Wednesday, April 3, 2013

More Than a Few Days in 2056

One Day in 2056 & Other Stories by K.L. Dillon

Summary: “People just can’t die. There has to be consequences,” a grief-stricken Alex Pine says to Dr. Hailey Madison in “Come What May,” the first of six short stories. After his mother’s suicide, Alex’s life starts to spin out of control. Alone and desperate for answers, Alex pays his mother’s psychiatrist a visit, gun in hand. 

The collection’s title story, “One Day in 2056”, revolves around 14 year old Harold George Wells. In 2050, five billion people were mysteriously abducted and it may have something to do with the “UFO-looking ships” occupying the earth’s skies. However, out of the five billion that were taken, Harold only cares about two: his parents.

In “Nineteen,” aspiring writer and Hemingway enthusiast Jacob Fisher drops out of college to pursue his dream of becoming a novelist. But, after he’s disowned by his parents and kidnapped by a group of scientists, whose sole intention is to send him back in time to make a different choice, he begins to question his fate and destiny and whether or not everything’s not already written in stone.

Disclaimer: I received this book form the author in exchange for a review.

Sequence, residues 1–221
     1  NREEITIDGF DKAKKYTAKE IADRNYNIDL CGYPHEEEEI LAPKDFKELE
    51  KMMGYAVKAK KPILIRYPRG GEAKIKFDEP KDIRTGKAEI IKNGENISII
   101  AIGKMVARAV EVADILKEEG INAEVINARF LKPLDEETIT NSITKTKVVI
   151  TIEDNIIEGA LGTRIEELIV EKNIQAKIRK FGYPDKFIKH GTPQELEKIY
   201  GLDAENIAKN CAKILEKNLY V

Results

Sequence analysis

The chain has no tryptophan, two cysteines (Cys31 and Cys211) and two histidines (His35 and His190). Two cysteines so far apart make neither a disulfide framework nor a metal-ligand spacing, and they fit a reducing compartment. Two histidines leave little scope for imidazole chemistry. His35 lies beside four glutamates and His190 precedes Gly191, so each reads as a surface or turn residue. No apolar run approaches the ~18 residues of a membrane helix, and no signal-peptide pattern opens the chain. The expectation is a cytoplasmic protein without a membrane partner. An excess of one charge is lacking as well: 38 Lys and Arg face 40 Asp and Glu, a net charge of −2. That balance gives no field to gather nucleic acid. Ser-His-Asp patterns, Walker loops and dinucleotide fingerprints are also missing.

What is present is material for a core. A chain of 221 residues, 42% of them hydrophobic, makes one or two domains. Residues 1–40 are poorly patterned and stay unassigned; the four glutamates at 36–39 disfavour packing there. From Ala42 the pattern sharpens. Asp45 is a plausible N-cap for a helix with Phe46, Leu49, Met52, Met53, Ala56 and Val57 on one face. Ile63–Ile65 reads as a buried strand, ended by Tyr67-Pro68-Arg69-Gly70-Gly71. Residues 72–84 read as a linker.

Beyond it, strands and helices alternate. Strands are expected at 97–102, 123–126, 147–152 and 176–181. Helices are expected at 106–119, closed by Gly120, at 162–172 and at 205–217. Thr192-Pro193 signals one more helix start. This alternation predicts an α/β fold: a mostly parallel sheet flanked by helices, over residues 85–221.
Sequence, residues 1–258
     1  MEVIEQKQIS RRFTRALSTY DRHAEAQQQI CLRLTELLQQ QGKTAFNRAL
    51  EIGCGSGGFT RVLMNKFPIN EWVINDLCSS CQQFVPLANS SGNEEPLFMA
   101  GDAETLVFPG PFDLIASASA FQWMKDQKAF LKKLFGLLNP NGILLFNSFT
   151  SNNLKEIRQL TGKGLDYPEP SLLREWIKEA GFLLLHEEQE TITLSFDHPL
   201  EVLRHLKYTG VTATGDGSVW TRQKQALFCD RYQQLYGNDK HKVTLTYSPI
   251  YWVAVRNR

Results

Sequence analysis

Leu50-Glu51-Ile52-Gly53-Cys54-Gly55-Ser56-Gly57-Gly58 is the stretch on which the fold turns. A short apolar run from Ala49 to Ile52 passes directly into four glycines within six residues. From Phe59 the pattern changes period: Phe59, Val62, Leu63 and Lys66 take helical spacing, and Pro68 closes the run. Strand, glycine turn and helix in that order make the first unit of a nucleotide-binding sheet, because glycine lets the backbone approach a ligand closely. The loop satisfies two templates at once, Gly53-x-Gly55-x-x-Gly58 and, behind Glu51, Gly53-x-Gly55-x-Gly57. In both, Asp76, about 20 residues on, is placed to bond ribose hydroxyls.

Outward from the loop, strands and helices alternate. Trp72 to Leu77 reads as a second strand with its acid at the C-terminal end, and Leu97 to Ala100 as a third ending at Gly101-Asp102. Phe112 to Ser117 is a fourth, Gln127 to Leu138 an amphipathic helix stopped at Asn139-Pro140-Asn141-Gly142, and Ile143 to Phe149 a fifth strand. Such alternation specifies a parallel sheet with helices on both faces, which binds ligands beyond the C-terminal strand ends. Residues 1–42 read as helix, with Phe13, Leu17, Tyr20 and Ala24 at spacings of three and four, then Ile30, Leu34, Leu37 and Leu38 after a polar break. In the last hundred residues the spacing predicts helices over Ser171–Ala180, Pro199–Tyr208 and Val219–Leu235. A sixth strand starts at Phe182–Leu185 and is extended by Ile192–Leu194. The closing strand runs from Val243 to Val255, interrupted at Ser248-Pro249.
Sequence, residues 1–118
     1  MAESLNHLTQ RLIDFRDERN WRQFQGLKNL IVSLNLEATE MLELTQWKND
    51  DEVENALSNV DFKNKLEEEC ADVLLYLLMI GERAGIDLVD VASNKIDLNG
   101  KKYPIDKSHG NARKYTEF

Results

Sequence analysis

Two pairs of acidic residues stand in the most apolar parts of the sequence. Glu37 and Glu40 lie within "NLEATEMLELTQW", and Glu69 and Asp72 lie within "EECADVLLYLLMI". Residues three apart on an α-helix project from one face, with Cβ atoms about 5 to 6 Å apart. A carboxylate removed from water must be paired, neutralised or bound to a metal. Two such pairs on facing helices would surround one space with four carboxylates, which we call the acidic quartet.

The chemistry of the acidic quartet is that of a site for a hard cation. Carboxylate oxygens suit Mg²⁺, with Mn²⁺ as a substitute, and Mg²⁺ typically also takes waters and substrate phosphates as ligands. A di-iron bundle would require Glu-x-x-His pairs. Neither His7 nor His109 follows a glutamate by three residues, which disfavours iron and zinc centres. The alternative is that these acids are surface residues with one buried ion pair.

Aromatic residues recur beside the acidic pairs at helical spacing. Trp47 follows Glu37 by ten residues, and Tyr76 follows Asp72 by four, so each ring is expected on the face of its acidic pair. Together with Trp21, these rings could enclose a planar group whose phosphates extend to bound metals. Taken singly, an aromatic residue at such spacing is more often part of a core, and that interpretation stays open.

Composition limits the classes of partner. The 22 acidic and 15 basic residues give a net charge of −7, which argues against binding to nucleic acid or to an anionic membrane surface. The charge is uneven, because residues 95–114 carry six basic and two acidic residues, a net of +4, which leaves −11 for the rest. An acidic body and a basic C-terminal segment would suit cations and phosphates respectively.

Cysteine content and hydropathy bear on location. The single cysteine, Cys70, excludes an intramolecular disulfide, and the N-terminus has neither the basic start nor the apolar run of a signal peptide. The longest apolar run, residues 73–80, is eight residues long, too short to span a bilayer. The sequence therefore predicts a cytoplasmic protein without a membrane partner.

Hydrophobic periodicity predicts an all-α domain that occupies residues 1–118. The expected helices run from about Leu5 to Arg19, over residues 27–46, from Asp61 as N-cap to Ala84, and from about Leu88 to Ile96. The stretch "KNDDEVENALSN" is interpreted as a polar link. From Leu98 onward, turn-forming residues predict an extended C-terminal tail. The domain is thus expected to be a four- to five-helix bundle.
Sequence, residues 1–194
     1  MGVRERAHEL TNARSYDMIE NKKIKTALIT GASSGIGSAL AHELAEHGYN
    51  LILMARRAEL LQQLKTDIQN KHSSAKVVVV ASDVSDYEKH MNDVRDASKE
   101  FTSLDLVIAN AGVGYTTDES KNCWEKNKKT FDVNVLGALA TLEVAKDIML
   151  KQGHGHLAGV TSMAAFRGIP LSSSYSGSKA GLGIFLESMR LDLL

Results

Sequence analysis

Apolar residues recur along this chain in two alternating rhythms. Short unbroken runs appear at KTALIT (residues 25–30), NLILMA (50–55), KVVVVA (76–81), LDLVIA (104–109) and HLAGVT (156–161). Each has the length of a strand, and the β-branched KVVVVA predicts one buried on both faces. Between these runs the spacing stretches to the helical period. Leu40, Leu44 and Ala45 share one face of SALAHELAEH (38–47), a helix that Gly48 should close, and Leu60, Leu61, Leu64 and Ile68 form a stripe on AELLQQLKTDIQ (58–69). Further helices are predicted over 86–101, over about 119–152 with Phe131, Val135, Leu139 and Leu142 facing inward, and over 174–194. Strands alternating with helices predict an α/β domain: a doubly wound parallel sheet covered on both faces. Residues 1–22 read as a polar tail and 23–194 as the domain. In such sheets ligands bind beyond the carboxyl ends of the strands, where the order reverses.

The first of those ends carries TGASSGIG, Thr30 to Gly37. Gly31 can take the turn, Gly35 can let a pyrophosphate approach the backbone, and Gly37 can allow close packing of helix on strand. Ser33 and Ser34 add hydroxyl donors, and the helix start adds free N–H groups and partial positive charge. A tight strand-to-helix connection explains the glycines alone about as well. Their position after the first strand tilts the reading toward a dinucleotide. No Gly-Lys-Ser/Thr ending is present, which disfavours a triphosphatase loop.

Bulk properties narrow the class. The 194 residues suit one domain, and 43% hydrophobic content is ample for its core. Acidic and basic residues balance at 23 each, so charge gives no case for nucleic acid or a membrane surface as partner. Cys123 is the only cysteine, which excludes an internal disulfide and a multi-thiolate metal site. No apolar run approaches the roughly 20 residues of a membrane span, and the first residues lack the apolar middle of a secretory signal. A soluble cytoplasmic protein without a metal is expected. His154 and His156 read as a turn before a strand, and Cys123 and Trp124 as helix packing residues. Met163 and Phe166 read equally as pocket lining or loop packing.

Review: A mix of both good and meh short stories.

From the title, I thought the short stories in this collection would be science fiction. However, after reading the book, I would consider only one story to be science fiction with another story being close. While I was a little disappointed, I still did enjoy this book. My favorite out of this collection was “Moving On”. It was very poignant.  “Moving On” dealt with grief, the unreality of reality, and how quickly it is to lose oneself. “The Urn” was another story dealing with grief. It was quite eerie since you are not sure if it’s all in his head or something else entirely.

“Come What May” was tragic. I knew something bad would happen at the end, but I was hoping that someone would come in and save the day. The story certainly does a good job of reminding us to be grateful for what we have while we have it and never take it for granted. I always say I love you to my husband every time I leave for a reason. “One Day in 2056” had a big buildup, but the ending was a bit of a letdown. The story could easily be expanded into a full length novel.

I wasn’t sure what the point was of “Nineteen”. It was a fine story about a young man who dropped out of college. I was expecting something to happen to him that would either make him change his mind or make him realize he was meant to be a writer. Then it gets weird when he gets kidnapped by scientists to send him back in time. The ending made me wonder what the whole point of the story. “The Fourth Couple” was my least favorite. It was overly dramatic and ridiculous and felt like an excuse to put in violence and suicide in a story.   


Recommendation: I would recommend this book to those that enjoy short stories. 

No comments:

Post a Comment